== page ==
Saying goodbye to the beloved pet you have spent so many years with is one of the hardest decisions for pet owners.
Suppose your pet is suffering from a disease or illness, or their quality of life has declined drastically. In that case, euthanasia is the best option to relieve their suffering. Here's what to expect during your euthanasia appointment.
The first thing that we do when we arrive at your home is to try and calm you down and dispel any fears you may have about the procedure.
The veterinarian will observe your pet, listen to you and gather any form of information that may help with the process.
While the procedure can take place anywhere in your home, you can decide to have it done in your pet's favorite room, on the grass, under a tree, and so on.
Memorializing your pet
We'll ask how you want to memorialize your pet and other questions before the consent document is signed.
Payments are usually made before euthanasia to allow everyone present to focus on saying their last goodbyes to their beloved pet.
To be present or not
We'll ask you if you want to be present for the process. If you think you'll feel uncomfortable during the procedure, you can leave the room before the actual euthanasia injection is given.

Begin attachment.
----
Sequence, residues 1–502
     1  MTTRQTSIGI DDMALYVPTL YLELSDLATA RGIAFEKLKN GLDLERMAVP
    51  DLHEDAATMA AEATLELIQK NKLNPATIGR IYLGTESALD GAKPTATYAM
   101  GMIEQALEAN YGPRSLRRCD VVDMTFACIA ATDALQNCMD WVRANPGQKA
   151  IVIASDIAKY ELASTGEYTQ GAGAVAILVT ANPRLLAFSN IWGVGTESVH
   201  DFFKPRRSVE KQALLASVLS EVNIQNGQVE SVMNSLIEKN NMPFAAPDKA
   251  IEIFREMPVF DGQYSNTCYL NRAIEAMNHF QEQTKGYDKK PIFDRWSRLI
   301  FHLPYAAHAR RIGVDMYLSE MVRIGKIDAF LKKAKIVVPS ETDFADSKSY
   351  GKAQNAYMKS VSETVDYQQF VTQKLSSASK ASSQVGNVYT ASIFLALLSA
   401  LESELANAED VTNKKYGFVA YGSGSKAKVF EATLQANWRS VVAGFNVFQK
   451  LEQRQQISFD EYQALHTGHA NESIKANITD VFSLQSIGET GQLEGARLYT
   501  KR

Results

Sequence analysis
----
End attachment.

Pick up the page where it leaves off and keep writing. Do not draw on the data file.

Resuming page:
The veterinarian will give your pet the first injection for sedation. This will enable your pet to fall into a deep, pain-free sleep. Although your pet will still be breathing, they will no longer be aware of what's happening around them.
The veterinarian will try to assess the effectiveness of the sedation. Once your pet no longer responds, they are ready for the painless transition.
At this point, you may want to step out of the room or stay; it all depends on how emotional you are. The second and final dose ushers in a peaceful and emotional time when your pet begins to lose consciousness till its breathing and heartbeat stop. The process is completely painless and lasts about 20 to 30 minutes, depending on the pet's response. It's like passing away while they are asleep.
Time alone with your pet
After it is confirmed that your pet has passed away, you'll have the opportunity to spend some quiet time alone with your pet and say your final goodbye.
Other members of the family that didn't witness their passing can also come in and bid their beloved pet farewell.
Depending on the arrangements made, we can leave your pet's body in your home for several hours to enable you to take your time to say goodbye. At the stated time, we'll return for cremation or burial.
You can choose to bury your pet in established pet cemeteries. We can also transport the body to our crematory for private, individual or communal cremation.
Post-euthanasia (remembering your pet)
After your pet has passed, you may want to immortalize them with memorial keepsakes. You can mold a clay paw or print or any form of indication that they were once with you.
At River Valley Gateway, we understand that the end-of-life journey of pets is emotional and sacred for families, and we're glad to be able to serve you during this difficult moment. Call us to book a home visit or get more information about our euthanasia procedure.